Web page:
2. Older People Will Be Able To Maintain Freedom Longer.

One of the eventualities that most people face as they get older is a dreaded lack of freedom brought on by the process of aging. Anyone who has had to take away an elderly parent's car knows exactly what I mean. This is not something many people look forward to, even when safety is the issue. However, driverless cars will nullify most of the reasons that older people have to quit driving. Failing eyesight or other senses aren't a factor when you don't have to pilot your own vehicle. And it's not just older people this would affect. Kids who are old enough to leave the house without direct adult supervision, but who are too young to legally drive would also be able to travel from place to place in a driverless car, as would people suffering from many conditions that make driving their own cars impossible. Some people will complain that a shift towards driverless vehicles would remove certain freedoms, but for a whole lot of other people the opposite will be true.

1. Driverless Cars Will Change Certain Criminal Activities.

We've all seen countless high speed police chases on television or perhaps even on the roads we are driving on. Cars are currently involved in all sorts of criminal activities, because they're under the control of an individual, and can be used as that person sees fit. If that person is the type of moron who likes to get drunk and then lead the police in a dangerous high speed chase, then that's entirely possible. Let's face it, the current technology cops have to stop another speeding car are problematic at best.

But that will change with driverless cars. First, they will be loaded with GPS and other technologies that log where they've been driven, so that will probably make certain kinds of police investigations more foolproof. Claiming that you were at church and not Eddie the speed freak's neighborhood meth lab probably won't fly very far if the cops want to check your cars tracking log. This poses questions about rights to privacy, but is a likely scenario.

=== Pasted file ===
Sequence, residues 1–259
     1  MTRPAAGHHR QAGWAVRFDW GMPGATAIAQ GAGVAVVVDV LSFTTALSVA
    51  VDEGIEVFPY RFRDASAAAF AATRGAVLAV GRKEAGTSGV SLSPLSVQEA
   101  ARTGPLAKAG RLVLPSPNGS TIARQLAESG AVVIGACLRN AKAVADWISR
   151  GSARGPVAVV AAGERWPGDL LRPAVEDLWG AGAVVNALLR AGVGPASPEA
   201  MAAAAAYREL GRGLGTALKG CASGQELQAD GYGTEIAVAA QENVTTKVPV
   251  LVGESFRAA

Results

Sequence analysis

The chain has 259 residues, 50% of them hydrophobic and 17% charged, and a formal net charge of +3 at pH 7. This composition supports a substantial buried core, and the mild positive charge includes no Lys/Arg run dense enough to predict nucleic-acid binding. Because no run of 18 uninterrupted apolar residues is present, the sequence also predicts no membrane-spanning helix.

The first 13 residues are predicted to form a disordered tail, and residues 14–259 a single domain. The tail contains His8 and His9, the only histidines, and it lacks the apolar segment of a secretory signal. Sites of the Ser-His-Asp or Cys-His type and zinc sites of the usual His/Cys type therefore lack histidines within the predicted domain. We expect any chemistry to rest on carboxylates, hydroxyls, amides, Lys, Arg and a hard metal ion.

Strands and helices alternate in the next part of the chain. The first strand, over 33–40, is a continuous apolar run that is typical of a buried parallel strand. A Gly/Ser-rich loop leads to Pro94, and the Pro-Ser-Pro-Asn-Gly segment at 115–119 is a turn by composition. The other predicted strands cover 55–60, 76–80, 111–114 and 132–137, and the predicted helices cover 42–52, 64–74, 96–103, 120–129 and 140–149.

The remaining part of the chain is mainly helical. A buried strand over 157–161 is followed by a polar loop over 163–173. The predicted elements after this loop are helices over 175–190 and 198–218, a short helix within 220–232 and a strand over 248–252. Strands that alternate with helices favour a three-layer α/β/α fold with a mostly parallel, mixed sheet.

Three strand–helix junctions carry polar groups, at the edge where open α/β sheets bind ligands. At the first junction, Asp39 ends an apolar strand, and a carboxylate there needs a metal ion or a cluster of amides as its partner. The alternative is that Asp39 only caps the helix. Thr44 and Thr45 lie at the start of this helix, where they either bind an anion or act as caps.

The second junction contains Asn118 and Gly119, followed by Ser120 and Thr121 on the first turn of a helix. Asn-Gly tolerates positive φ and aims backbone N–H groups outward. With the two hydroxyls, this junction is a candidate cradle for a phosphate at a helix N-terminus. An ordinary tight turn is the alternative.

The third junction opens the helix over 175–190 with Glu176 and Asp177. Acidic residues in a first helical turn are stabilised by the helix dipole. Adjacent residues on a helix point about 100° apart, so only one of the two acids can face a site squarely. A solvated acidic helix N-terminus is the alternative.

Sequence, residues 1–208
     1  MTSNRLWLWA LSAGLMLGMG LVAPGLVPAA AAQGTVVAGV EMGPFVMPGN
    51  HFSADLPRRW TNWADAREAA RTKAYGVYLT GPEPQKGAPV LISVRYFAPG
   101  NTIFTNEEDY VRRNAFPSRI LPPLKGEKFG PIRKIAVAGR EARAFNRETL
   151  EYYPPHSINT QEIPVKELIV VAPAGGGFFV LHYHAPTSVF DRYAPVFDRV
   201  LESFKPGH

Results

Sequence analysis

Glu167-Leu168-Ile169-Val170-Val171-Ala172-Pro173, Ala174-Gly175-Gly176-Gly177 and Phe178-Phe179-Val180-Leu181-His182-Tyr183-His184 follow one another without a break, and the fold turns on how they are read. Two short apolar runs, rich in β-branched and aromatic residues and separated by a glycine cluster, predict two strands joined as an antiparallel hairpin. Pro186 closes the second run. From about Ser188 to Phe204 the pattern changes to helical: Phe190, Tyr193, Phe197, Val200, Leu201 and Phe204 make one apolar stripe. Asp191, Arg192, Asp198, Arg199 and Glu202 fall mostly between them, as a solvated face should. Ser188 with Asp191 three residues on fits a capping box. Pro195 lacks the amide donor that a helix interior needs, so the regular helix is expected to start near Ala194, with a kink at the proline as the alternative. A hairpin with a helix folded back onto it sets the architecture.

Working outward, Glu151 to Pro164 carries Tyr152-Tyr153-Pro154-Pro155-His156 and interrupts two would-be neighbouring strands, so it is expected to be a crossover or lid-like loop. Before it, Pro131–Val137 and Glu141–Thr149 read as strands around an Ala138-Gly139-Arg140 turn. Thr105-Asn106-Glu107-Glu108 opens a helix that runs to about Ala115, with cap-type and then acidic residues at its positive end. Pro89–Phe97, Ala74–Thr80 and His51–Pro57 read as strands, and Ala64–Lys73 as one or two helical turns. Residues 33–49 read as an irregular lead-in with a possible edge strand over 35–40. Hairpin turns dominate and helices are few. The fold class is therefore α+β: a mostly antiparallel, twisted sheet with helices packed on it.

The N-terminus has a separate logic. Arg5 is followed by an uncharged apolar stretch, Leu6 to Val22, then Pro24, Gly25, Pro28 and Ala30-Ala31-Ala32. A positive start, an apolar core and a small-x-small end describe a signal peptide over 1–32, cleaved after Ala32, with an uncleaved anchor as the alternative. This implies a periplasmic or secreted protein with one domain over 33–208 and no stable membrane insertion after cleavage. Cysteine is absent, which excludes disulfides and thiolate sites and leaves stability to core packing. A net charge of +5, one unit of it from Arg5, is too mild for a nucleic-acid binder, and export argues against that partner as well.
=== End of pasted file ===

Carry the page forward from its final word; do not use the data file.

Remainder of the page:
People who have a lead foot and like to speed? They are probably out of luck, since the car will be making decisions like how fast it can safely navigate specific road conditions. Of course the flip side of not being able to speed will be that police won't be able to ticket people for driving too fast anymore. Combined with far fewer DUI arrests, that will greatly affect many levels of policing. Small towns and police agencies that depend on revenue from moving violations will be largely out of luck, which is good, if your town depends on speed traps to survive, it deserves to die.

But back to that high speed chase scenario. That'll be largely a thing of the past, because it's almost certain that driverless vehicles will have built in technology that allows law enforcement groups the ability to kill the engine remotely, or to have the vehicle simply pull itself over. Hard to rob a liquor store and speed off in a cloud of dust evading arrest, when the car won't speed and the all the cops have to do is type in a code to pull your ass over.

The widespread adoption of driverless cars will affect our society on many fundamental levels, and these are just a few of them. Some of these changes may be embraced and others resisted, but driverless vehicles seem to be on the horizon, and the future is coming whether we like it or not.